Agriculture may help mitigate climate change risks is by helping reduce greenhouse gas (GHG) emissions. One way of doing this is by providing substitute products that can replace fossil fuel intensive products or production processes. Production of biofeedstocks for bioenergy achieves this, where the biofeedstocks are traditional products, crop residues, wastes or processing byproducts. The forms of bioenergy include electrical power or liquid transportation fuels e.g. ethanol or biodiesel.
Employing agricultural products in such a way generally involves recycling of carbon dioxide (CO2), a greenhouse gas, because plant growth absorbs CO2 while combustion releases it. This is likely to mean that emission permits would not be needed for the CO2 emissions that arose when generating biofeedstock fired electricity or consuming liquid biofuels.
GHG permit prices could raise the market value of agricultural commodities as long as bioenergy use does not require acquisition or use of potentially costly/valuable emissions permits. Consequently, biofeedstocks may be a way that both: (a) energy firms can cost effectively reduce GHG liabilities and (b) agricultural producers gain agricultural income. But, before wholeheartedly embracing bioenergy as a GHG reducing force, one must fully consider the GHGs emitted when raising feedstocks, transporting them to a plant and transforming them into bioenergy. One must also consider the market effects and possible offsetting effects of production stimulated elsewhere. Two issues arise when taking on such a viewpoint
- What are the GHG offsets obtained when using particular forms of bioenergy and what does this mean for comparative economics of feedstocks?
- When bioenergy production reduces traditional commodity production does the market reaction of other producers reduce net GHG effects?
This paper briefly discusses these issues and is largely drawn from a longer version of the paper by McCarl (2008).
Lifecycle Accounting and Biofeedstock Economics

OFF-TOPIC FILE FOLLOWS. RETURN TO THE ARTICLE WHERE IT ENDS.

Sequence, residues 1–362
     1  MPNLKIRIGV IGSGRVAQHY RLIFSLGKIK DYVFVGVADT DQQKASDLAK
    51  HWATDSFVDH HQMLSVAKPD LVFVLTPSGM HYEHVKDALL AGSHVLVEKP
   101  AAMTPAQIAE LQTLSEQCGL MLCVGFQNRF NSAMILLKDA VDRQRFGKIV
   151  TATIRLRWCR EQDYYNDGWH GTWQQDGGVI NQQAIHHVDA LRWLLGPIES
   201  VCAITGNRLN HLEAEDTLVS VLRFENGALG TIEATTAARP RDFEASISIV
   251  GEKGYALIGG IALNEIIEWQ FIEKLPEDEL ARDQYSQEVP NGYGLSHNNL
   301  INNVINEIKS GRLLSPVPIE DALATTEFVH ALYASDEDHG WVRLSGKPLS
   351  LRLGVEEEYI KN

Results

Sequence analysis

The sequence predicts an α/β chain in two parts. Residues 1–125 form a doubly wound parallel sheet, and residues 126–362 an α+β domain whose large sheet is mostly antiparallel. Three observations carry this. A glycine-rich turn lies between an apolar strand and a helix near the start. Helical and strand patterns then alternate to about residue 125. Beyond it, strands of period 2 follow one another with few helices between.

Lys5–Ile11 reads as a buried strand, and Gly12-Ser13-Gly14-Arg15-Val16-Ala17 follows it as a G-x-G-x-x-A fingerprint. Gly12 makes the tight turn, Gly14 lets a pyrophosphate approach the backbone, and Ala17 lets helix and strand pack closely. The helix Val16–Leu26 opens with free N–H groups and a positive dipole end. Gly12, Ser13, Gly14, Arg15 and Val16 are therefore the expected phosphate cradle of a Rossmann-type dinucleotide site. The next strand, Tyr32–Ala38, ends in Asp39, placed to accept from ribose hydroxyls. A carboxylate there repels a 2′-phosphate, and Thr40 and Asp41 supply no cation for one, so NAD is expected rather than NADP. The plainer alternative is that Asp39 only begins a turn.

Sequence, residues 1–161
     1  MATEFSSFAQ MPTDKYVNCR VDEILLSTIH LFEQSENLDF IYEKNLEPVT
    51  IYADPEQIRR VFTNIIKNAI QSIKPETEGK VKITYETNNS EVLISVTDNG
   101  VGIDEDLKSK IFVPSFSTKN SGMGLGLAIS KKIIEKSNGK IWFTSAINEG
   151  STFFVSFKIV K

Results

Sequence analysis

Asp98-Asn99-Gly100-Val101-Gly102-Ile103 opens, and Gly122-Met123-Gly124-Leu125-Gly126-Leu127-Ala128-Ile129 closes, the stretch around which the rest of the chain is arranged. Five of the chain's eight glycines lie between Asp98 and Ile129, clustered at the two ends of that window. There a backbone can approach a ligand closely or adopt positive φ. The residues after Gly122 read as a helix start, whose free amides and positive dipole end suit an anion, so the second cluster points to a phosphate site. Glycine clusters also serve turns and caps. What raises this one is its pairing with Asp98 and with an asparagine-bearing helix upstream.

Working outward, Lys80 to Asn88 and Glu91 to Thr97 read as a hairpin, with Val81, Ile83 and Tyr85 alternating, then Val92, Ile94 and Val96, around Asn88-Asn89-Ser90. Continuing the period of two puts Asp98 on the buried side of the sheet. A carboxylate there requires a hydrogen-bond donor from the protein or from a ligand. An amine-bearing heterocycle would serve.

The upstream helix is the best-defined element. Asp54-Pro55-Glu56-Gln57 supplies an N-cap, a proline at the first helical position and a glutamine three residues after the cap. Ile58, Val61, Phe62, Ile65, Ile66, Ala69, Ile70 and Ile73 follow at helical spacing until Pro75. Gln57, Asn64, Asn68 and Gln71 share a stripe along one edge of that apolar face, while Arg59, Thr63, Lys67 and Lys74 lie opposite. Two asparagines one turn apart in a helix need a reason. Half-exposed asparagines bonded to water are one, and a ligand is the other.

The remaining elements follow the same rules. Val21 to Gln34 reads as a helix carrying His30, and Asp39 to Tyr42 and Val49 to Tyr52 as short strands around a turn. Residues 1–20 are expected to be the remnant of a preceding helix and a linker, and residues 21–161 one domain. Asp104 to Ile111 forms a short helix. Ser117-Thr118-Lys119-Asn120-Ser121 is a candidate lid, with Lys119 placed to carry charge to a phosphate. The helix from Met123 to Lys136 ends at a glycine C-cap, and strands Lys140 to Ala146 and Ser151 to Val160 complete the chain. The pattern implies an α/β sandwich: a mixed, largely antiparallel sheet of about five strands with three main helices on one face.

The net GHG contributions of a bioenergy production possibilities depend upon the amount of fossil fuel used in the project lifecycle from production until use including emissions generated when: (a) making production inputs, (b) producing the feedstock, (c) hauling it to a facility and (d) processing it into fuel or electricity. This contribution varies by feedstock, type of energy developed and region of the country since hauling costs depends on yield and density of production. Table 1 displays a consistent set of estimates across a number of possibilities for use of
- crop or cellulosic ethanol in place of gasoline,
- biodiesel in place of diesel and
- biofeedstock fueled electricity with sole firing and 5% cofiring
using data from regions commonly discussed as having high potential for feedstock production.
The data within Table 1 show the percentage direct reduction in carbon dioxide equivalent emissions .
The table shows for example that the percentage reduction in net GHG emissions when using corn-based ethanol is 17% relative to using gasoline. This means 83% of the potential emissions savings from replacing the gasoline are offset by the emissions from the use of fossil fuels in producing the corn, transporting it to the plant and transforming it into ethanol. We also see higher emission offset rates for electricity principally because the feedstock is burned with little transformative energy needed once it is at the generation site. Also cofiring generally has a higher degree of offsets because hauling distances are shorter as lower feedstock volumes are required and because of the hotter burning caused by the presence of coal which increases feedstock heat recovery.
Broadly across the table, we see
- Relatively lower rates for liquid fuels as opposed to electricity.
- The lowest liquid fuel offsets arising for grain based ethanol with relatively higher values from cellulosic ethanol and biodiesel from soybean oil.
- Results that reflect differential offset rates due to the differential use of
- Emission intensive inputs in producing feedstocks (corn is a large fertilizer user).
- Emission intensive transformation processes in making ethanol along with successively less so processes to make cellulosic ethanol, biodiesel and electricity.
Such results portend that economically if higher greenhouse gas prices were to arise that there would be a shift in production away from grain based ethanol toward cellulosic and a trend to move toward electricity. Analysis by McCarl and Reilly shows such trends.
Leakage – Offsets From Elsewhere